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Federal jobs aren't the ticket to a middle-class life they used to be

Small businesses feeling shutdown pinch
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In Washington, D.C., so many furloughed federal workers have sold clothing to make a few bucks that one thrift store was overwhelmed by donations. An office manager for the Environmental Protection Agency started working nights in a local restaurant. And a dozen air traffic controllers resigned this week over being forced to work without pay during the partial government shutdown.

Working for the U.S. government—once seen as a ticket to a stable middle-class life—now looks like a road to professional and financial insecurity. This is the 21st government shutdown since Congress adopted new budgeting procedures in 1976, according to the Congressional Research Service, and it was the third in 2018 alone.  

"For some folks, the volatility of being in this type of position is jarring. The federal government has always been seen as a stable employer, and suddenly, they don't pay you?" said Alan Moore, one of the founders of the XY Planning Network, a group of fee-only financial advisers.

The group last week offered free financial planning services to government workers affected by the shutdown. Along with helping furloughed workers consider their financial options, such as taking out a personal loan, advisers also are "starting to have some career conversations," he said.

That shift is a stark one for the kind of work once coveted for offering job security, decent pay and the satisfaction of public service. In return for a steady schedule, lower turnover and a decent retirement, many federal workers willingly accepted lower pay than what they might've earned in the private sector.

"For many government workers, it's still a chance to have real upward mobility but also be able to balance work and life," said David Van Slyke, dean of the Maxwell School of Citizenship and Public Affairs at Syracuse University. "It's 40-45 hours a week of work, but you still can have upward mobility, positive benefits and have purpose in your job."

Government workers to miss 2nd paycheck as shutdown drags on 02:40

For many workers, the federal workplace can offer more predictable promotions and better career development, Van Slyke added, noting that the government doesn't have to show investors that it's profitable and growing every quarter. "For better or for worse, there's not the same short-term profit motive," he said.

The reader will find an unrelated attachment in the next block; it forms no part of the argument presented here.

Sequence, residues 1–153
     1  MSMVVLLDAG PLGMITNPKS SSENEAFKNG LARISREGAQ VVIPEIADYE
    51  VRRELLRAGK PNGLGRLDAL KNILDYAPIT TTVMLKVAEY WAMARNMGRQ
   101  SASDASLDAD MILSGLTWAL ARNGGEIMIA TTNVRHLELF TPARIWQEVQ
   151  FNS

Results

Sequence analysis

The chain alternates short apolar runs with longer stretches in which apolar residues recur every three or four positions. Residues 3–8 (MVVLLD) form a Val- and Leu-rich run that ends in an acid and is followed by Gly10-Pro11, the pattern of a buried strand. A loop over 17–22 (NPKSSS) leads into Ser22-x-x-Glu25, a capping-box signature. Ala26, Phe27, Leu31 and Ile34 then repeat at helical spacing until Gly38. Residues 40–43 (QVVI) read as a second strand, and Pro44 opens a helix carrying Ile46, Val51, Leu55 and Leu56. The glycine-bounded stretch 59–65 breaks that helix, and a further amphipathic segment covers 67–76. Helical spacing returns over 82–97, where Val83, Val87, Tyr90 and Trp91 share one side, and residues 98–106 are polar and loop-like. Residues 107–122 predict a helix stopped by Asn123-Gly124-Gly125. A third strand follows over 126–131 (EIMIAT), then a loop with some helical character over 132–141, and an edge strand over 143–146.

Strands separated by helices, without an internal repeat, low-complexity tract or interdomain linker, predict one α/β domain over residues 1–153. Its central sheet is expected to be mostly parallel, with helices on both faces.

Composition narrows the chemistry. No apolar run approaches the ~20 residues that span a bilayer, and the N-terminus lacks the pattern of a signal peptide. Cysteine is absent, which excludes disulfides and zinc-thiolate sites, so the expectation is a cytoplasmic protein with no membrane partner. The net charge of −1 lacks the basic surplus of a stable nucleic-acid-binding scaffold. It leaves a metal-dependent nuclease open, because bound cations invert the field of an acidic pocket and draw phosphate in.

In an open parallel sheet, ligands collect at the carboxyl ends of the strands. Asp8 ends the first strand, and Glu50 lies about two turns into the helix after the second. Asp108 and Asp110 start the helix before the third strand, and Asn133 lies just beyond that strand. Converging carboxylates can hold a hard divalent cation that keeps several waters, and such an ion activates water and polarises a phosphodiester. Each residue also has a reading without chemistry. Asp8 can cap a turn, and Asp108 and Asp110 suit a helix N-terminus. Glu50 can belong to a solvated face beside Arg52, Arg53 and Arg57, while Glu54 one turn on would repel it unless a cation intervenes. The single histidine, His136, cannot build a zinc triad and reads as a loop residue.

Early de-segregation

Government work has been especially important for black Americans, who historically were shut out of many private-sector jobs. The federal government was one of the first sectors of the economy to de-segregate in the 1960s; state and local governments soon followed, allowing many African-Americans to enter the middle class. Even today, black and Latino workers are better-represented in public-sector jobs than in the broader U.S. workforce.

Government work has been particularly important for workers with less education or lower skills. For example, the lowest-paid postal employee in Des Moines, Iowa, earns $15 per hour, federal data show -- more than twice the U.S. minimum wage of $7.25 an hour.  (For more senior positions, federal workers' salaries typically top out at much lower levels than what they could command in the private sector.)

In recent years, however, federal workers have lagged their private-sector counterparts when it comes to getting a pay hike. Federal workers' pay, which is set by Congress, rose only 1.7 percent in 2018, while this year President Donald Trump canceled federal raises outright.

The number of people working for the federal government today is the same as it was 35 years ago, even while the overall workforce has added 4 million people. A much larger share are contractors who work for a private company that does government business. Besides being more vulnerable to shutdowns than employees, contractors are also more likely to be poor than federal employees and the broader workforce, according to the Economic Policy Institute.


"I've tried to be prepared"

Some government workers have faced criticism after going public with stories of financial hardship.

"I've had people tell me I should take Dave Ramsey's financial course so I'm better prepared," said Sarah Watterson, a former U.S. Marine and married mother of two who's been on furlough from her EPA job since late December.

"I've tried to be prepared, but how do you budget when you don't know what the end is?"

Most Americans lack the savings to cover a surprise $1,000 emergency expense, according to Bankrate. In that respect, federal workers are no different: According to one estimate, a worker sidelined in the shutdown has now missed out on $7,000 in pay on average, Sentier Research found. The typical worker furloughed in this shutdown earns a median of $67,000 a year, according to Sentier. Half of the workers affected are the only earners in their household.

Watterson doesn't know when she'll get back to work. But she said she was feeling "a little bit better" since starting a night job in a local restaurant last week. She's working in the kitchen and will be doing deliveries, Watterson said.

She made sure to only look for jobs on evenings and weekends, because once she's back at the EPA, she plans to keep the second gig, she said. "I would like to get ahead and have a lot more in savings because this does come up, and it's very stressful."

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